For the first time in a single volume, this book presents the various arguments in the Indo-Aryan controversy. It also provides a template for the basic issues addressing four major areas: archaeological research, linguistic issues, the interpretation of Vedic texts in their historical contexts, and ideological roots. The volume ends with a plea for a return to civility in the debates which have become increasingly, and unproductively, politicized, and suggests a program of research and inquiry upon which scholars from all sides of the debate might embark.
Table of Contents
Introduction Part 1: Archaeology 1. Culture Change During the Late Harappan Period at Harappa: New Insights on Vedic Aryan Issues 2. Aryan Invasion of India: Perpetuation of a Myth 3. South Asian Archaeology and the Myth of Indo-Aryan Invasions Part 2: Archaeology and Linguistics 4. The Cultural Counterparts to Proto-Indo-European, Proto-Uralic and Proto-Aryan: matching the Dispersal and Contact Patterns in the Linguistic and Archaeological Record 5. Archaeology and Language: The Case of the Bronze Age Indo-Iranians Part 3: Philology and Linguistics 6. The Date of the Rigveda and the Aryan Migration (Fresh Linguistic Evidence) 7. Linguistic Aspects of the Aryan Non-Invasion Theory 8. Philology and the Historical Interpretation of the Vedic Texts 9. Vedic Astronomy and Early Indian Chronology 10. The Textual Evidence: The Rigveda as a Source of Indo-European History 11. Indocentrism: Autochthonous Visions of Ancient India Part 4: Historiography 12. Aryan Origins: Arguments from 19th Century Maharashtra 13. Aryan Past and Post-Colonial Present: The Polemics and Politics of Indigenous Aryanism. Concluding Remarks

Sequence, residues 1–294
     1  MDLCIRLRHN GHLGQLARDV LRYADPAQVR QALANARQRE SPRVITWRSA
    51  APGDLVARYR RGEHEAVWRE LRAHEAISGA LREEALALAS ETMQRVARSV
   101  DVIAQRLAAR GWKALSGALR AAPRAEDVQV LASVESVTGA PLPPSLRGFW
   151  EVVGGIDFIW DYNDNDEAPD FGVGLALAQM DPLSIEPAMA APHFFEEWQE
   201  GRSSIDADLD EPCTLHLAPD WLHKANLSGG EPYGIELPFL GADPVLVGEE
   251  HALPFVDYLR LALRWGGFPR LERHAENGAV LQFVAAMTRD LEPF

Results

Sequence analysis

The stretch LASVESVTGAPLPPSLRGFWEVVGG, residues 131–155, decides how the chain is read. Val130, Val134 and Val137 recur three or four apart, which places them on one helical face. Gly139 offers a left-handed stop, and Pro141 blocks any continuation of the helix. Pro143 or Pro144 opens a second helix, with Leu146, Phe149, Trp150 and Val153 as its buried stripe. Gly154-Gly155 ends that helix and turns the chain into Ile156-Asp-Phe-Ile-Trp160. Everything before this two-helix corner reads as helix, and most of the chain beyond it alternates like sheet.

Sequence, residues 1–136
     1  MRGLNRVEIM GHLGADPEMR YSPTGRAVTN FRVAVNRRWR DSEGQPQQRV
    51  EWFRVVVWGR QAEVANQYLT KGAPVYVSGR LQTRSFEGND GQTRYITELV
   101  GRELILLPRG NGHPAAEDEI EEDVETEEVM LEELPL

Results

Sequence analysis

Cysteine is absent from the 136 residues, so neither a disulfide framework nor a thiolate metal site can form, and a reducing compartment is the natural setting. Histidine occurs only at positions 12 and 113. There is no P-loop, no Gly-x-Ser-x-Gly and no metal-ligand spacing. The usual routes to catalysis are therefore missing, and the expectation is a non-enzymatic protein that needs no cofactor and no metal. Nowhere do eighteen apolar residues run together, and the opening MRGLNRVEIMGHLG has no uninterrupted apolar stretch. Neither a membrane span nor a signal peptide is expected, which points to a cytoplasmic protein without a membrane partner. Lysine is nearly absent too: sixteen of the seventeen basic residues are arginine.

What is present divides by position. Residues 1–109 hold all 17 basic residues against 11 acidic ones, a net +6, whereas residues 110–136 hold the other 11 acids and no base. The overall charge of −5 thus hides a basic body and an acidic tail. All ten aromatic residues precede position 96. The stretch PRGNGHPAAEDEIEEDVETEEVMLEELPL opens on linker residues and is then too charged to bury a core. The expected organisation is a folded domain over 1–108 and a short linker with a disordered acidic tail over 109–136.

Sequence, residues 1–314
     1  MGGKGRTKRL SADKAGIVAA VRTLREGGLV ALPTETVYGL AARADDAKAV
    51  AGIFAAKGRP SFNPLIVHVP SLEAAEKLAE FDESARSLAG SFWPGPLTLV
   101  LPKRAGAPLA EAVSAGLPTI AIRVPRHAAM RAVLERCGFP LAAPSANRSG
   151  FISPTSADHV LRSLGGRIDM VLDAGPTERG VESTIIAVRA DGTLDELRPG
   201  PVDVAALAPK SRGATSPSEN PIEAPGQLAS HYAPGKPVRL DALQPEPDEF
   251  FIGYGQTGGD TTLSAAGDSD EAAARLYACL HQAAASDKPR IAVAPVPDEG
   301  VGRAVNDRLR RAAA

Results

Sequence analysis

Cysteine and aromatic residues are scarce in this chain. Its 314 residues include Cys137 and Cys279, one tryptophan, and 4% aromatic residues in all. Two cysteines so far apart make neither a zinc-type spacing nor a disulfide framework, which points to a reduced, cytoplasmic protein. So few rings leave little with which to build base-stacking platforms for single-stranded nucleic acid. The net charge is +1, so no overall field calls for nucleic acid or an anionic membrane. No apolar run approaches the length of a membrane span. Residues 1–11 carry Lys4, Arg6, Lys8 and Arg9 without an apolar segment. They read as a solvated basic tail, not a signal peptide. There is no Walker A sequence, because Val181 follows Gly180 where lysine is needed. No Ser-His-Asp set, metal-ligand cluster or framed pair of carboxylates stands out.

Edwin F. Bryant graduated from Columbia University in 1997, where he taught Sanskrit and Hindi. He was the lecturer in Hinduism at Harvard University for three years, and is presently assistant professor in Hinduism at Rutgers University, New Jersey. His publications include books on The Indo-Aryan Invasion Debate and Hinduism.
Laurie L. Patton is Professor of Early Indian Religions at Emory University and Winship Distinguished Research Professor in the Humanities. She is the author of two books and twenty five articles on early Indian myth and poetry, as well as a book of poetry and a translation of the Bhagavad Gita.
'In her excellent introduction, coeditor Laurie Patton provides...a summary of the key issues involved in the debate...This monograph is an important step toward reappraising this field of enquiry and generating, as Patton suggests in her introduction, the sort of questions that could lead to rethinking the available evidence and structuring new field research.' - Traditional Yoga Studies